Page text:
Audit Reports

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FAA Lacks Sufficient Oversight of the Aircraft Rescue and Fire Fighting Program

Self-Initiated
Project ID: 
AV2016067

In July 2013, Asiana Flight 214 crashed on final approach into San Francisco International Airport, resulting in three fatalities and drawing attention to the importance of emergency response at our Nation’s airports. In its report on the accident, the National Transportation Safety Board highlighted safety issues related to the training and staffing of aircraft rescue and firefighting (ARFF) personnel and FAA’s oversight of emergency response services. As a result, we initiated an audit to assess FAA’s oversight of its ARFF program.

While FAA has provided approximately $750 million since 2004 to fund ARFF buildings, facilities, vehicles, and equipment, our audit identified several challenges related to the Agency’s oversight and enforcement in this area. For example, FAA inspectors did not consistently review airports’ compliance with ARFF regulations and policy. FAA has also not sufficiently investigated potentially serious violations of ARFF requirements or reported enforcement data to its own database, as required by FAA policy, in part there is no guidance that clearly delineates when a violation should be investigated. In addition, the Agency either lacks policies regarding key components of the ARFF program—e.g., the review of vehicle maintenance records—or the policies are not robust enough to make them effective. In one case, FAA issued guidance to airports that conflicted with FAA regulations. Finally, FAA’s policies and guidance on ARFF training are voluntary and do not establish required standards for content, length, and methods of teaching.

We made 10 recommendations to help FAA improve its oversight and enforcement of emergency response services at the Nation’s airports. FAA concurred with eight of our recommendations and partially concurred with two recommendations. We consider nine of these recommendations resolved but open pending completion of the planned actions. We are requesting additional documentation for one recommendation and a revised response for one recommendation.

Recommendations

Open

Closed

Closed on 02.08.2017
No. 1 to FAA

Establish minimum requirements for inspectors' review of airports' compliance with Aircraft Rescue and Fire Fighting regulations.

Closed on 03.30.2017
No. 2 to FAA

Update the inspection checklist for Airport Certification Inspections to include these requirements: a. determining whether airports have conducted tests of fire-extinguishing agents; b. reviewing vehicle maintenance records; c. reviewing training materials; and d. reviewing the type of foam airports use to ensure airports meet Federal requirements.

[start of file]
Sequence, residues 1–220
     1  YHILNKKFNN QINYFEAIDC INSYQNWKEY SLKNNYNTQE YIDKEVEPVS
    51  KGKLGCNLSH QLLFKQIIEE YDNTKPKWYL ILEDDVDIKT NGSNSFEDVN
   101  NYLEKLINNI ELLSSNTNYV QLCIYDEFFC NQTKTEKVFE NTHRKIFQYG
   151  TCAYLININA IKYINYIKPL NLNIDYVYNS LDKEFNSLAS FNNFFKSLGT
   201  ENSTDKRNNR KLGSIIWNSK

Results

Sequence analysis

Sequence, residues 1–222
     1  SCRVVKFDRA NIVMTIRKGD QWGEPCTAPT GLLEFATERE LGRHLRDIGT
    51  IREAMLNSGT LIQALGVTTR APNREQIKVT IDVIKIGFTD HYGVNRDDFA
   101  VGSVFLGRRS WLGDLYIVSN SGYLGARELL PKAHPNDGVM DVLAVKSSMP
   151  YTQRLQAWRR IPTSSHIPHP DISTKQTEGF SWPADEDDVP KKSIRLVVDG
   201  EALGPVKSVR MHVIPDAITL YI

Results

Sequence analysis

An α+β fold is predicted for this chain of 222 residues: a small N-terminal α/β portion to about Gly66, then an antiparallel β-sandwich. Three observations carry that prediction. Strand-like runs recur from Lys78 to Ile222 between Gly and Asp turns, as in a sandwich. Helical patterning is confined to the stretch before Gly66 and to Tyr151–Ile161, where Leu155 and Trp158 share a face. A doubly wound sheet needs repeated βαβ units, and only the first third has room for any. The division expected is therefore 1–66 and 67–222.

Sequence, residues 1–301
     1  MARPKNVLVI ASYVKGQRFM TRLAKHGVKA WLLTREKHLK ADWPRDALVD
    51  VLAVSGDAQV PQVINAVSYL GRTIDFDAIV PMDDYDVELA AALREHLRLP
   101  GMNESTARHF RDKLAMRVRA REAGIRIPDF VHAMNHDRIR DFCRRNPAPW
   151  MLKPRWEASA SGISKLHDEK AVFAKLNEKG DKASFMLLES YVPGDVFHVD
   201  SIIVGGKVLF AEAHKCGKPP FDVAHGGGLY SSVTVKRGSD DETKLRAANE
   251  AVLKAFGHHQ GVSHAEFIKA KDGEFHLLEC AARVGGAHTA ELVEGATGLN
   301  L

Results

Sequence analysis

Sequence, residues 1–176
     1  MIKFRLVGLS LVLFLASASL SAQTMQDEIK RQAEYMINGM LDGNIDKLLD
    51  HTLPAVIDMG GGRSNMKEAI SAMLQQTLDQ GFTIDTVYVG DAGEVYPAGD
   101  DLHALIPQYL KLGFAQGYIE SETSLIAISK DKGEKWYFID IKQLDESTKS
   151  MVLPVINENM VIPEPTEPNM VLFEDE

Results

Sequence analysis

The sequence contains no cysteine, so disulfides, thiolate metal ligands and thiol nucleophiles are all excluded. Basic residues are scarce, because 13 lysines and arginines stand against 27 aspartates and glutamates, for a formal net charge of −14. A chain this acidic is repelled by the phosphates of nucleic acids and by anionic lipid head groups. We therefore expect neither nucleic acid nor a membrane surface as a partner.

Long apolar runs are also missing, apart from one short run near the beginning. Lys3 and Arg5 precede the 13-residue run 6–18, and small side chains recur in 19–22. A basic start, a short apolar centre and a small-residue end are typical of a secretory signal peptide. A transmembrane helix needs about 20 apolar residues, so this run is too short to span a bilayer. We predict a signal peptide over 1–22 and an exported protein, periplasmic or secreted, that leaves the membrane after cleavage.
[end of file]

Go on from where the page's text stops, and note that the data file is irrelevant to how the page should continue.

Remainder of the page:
Closed on 01.30.2018
No. 3 to FAA

Document what items were reviewed to determine airport compliance under the Aircraft Rescue and Fire Fighting requirements in the inspection checklist for Airport Certification Inspections to include: a. which vehicles were reviewed to determine compliance with each regulation, such as which vehicles were inspected for their ability to discharge agent and execute the response time tests; b. which personnel protective equipment were inspected; and c. dates of the full scale triennial emergency exercise and annual review of the Airport Emergency Plan.

Closed on 02.13.2017
No. 4 to FAA

Provide training to inspectors on the updated inspection checklist for Airport Certification Inspections.

Closed on 01.30.2018
No. 5 to FAA

Implement the requirement under FAA's Compliance and Enforcement Policy for FAA Headquarters to review regional inspection program activities of the Aircraft Rescue and Fire Fighting program on a 3-year cycle.

Closed on 12.15.2016
No. 6 to FAA

Issue guidance to airport inspectors clarifying when inspectors should: (1) issue a formal Letter of Investigation and (2) investigate serious discrepancies to determine and document the cause of these discrepancies.

Closed on 03.30.2017
No. 7 to FAA

Require FAA to periodically analyze Aircraft Rescue and Fire Fighting enforcement data nationwide to identify airports with serious Aircraft Rescue and Fire Fighting violations and verify they are corrected to prevent future discrepancies with the regulations. Document analysis and steps to ensure violations are corrected.

No. 8 to FAA

Develop a process to ensure the Office of Airports reports its Aircraft Rescue and Fire Fighting enforcement actions to FAA's Enforcement Information System database according to FAA Order 2150.3B.

No. 9 to FAA

Require inspectors to review airports' training materials and other documentation that shows the items taught during each of its training classes used for Aircraft Rescue and Fire Fighting personnel in each of the Aircraft Rescue and Fire Fighting areas required under 14 CFR Part 139 to ensure airports train personnel in a manner authorized by FAA.

No. 10 to FAA

Identify and implement best practices regarding the content, length, and methods of teaching each of the 11 Aircraft Rescue and Fire Fighting subject areas.